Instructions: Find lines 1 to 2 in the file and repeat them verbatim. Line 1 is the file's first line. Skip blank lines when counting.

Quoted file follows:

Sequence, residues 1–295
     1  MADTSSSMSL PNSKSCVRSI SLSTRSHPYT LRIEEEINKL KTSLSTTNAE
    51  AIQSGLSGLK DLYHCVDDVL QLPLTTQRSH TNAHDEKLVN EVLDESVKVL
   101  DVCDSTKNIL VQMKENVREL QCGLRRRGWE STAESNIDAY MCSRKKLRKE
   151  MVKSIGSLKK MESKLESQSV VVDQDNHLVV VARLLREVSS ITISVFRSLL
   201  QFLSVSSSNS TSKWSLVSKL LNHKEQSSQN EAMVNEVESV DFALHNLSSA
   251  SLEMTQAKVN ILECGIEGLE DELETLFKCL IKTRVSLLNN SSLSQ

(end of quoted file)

Sequence, residues 1–295
     1  MADTSSSMSL PNSKSCVRSI SLSTRSHPYT LRIEEEINKL KTSLSTTNAE